A vast amount of mathematical activity has been carried out to obtain many remarkable results showing the applicability of soft set theory in decision making, demand analysis, forecasting, information science, mathematics, and other disciplines (see for detailed survey [22–31]).
The notion of a soft topology on a soft set was introduced by Cagman et al. [32] and some basic properties of soft topological spaces were studied.
Das and Samanta introduced in [33] the notions of soft real set and soft real number, and discussed their properties. Based on these notions, they introduced in [34] the concept of a soft metric. They showed that each soft metric space is also a soft topological space. Abbas et al. [35] introduced the notion of soft contraction mapping based on the theory of soft elements of soft metric spaces. They studied fixed points of soft contraction mappings and obtained among others results, a soft Banach contraction principle. Almost simultaneously, Chen and Lin [36] obtained a soft metric version of the celebrated Meir-Keeler fixed point theorem. Here we show that, under some restriction, each (complete) soft metric induces a (complete) usual metric, and we deduce in a direct way soft metric versions of several important fixed point theorems for metric spaces, as the Banach contraction principle, Kannan and Meir-Keeler fixed point theorems, and Caristi-Kirk’s theorem. By means of appropriate examples we also show that the aforementioned restriction is essential.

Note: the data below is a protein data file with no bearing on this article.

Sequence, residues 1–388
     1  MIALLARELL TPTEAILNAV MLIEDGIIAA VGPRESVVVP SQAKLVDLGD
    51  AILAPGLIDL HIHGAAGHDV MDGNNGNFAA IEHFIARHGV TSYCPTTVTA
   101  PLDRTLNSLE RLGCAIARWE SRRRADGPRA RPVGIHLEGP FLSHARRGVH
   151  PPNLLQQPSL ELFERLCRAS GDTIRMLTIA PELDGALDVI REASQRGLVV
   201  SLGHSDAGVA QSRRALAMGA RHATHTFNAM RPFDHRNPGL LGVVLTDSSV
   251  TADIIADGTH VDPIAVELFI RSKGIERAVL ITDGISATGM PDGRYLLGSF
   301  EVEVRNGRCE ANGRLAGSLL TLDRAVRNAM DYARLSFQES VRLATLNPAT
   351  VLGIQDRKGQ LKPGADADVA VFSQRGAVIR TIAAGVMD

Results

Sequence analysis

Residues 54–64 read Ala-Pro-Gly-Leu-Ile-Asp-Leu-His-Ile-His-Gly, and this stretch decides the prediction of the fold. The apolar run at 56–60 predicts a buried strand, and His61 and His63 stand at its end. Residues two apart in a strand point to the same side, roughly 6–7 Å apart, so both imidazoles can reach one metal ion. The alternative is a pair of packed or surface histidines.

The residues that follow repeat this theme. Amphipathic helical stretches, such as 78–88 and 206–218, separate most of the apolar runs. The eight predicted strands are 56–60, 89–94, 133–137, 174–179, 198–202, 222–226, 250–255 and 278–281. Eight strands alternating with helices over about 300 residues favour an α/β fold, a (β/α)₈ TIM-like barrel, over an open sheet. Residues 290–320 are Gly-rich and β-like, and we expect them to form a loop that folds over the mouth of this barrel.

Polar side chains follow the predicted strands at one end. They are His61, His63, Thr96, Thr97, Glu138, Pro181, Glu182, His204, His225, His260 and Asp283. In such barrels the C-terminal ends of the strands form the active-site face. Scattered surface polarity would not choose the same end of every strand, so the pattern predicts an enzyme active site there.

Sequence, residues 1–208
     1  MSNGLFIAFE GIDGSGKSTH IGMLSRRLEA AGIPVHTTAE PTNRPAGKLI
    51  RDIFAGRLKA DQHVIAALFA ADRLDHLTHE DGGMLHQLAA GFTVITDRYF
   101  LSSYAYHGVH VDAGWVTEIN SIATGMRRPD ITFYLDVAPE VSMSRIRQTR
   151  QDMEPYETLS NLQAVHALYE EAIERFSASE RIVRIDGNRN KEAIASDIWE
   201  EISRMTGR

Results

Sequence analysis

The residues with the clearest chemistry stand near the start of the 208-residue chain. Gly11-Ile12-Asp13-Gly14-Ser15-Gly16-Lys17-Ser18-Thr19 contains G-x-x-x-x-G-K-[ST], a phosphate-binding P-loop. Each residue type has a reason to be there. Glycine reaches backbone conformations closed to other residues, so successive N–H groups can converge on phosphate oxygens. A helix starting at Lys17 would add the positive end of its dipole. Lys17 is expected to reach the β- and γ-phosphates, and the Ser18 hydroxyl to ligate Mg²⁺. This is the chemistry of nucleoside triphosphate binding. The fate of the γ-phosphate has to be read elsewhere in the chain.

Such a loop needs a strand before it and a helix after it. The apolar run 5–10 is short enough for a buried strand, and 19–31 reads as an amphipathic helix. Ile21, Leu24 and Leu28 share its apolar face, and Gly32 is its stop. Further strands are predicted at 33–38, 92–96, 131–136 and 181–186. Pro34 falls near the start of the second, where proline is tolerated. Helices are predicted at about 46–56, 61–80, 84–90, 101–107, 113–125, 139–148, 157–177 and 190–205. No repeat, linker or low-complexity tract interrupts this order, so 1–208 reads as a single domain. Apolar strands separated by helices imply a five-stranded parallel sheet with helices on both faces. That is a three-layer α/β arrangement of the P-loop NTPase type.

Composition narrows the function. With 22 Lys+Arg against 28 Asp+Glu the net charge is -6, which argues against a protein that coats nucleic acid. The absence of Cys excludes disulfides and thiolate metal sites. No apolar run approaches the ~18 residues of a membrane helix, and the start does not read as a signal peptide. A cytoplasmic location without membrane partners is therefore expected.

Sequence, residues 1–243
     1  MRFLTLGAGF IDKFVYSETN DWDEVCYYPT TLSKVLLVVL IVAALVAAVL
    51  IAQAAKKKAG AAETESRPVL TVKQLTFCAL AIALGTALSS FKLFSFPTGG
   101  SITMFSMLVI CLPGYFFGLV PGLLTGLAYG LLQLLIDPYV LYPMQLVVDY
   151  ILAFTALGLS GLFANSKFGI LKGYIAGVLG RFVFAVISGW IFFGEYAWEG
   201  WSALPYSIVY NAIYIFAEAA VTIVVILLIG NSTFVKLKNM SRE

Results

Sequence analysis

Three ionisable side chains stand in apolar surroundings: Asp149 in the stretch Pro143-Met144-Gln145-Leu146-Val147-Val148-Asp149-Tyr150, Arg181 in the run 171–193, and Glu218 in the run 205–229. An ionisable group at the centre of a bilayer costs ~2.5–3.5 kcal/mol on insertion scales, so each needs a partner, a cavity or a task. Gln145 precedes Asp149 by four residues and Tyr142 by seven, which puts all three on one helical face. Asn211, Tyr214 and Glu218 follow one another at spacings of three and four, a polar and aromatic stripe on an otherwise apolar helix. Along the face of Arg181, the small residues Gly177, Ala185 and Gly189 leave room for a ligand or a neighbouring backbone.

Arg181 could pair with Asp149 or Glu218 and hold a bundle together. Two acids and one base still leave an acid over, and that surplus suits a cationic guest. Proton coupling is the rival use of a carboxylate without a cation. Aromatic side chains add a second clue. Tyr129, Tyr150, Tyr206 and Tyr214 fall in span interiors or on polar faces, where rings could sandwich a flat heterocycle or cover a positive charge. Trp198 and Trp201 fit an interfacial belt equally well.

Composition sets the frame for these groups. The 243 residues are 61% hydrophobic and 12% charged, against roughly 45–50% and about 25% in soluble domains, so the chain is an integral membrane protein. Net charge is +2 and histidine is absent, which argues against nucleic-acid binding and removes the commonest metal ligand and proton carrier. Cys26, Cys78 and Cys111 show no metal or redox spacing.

2 Preliminaries
In the sequel, the letters U, E, and \(P(U)\) will denote the universal set, the set of parameters, and the power set of U, respectively.
According to [2] if F is a set valued mapping on \(A\subset E\) taking values in \(P(U)\), then a pair \((F,A)\) is called a soft set over U. We denote the collection of soft sets over a common universe U by \(S(U)\).
Basic notions and properties related to soft set theory may be found in [2, 34, 37, 38]. In particular, a soft set \((F,A)\) over U is said to be a soft point if there is exactly one \(\lambda \in A\) such that \(F(\lambda )=\{x\}\) for some \(x\in U\) and \(F(e)=\emptyset \), for all \(e\in A\setminus \{\lambda \}\). We shall denote such a soft point by \((F_{\lambda }^{x},A)\) or simply by \(F_{\lambda }^{x}\). A soft point \(F_{\lambda }^{x}\) is said to belong to \((F,A)\), denoted by \(F_{\lambda }^{x}\mathbin{\tilde{\in}}(F,A)\), if \(F_{\lambda }^{x}(\lambda )=\{x\}\subset F(\lambda )\).
The collection of all soft points of \((F,A)\) is denoted by \(\operatorname {SP}(F,A)\).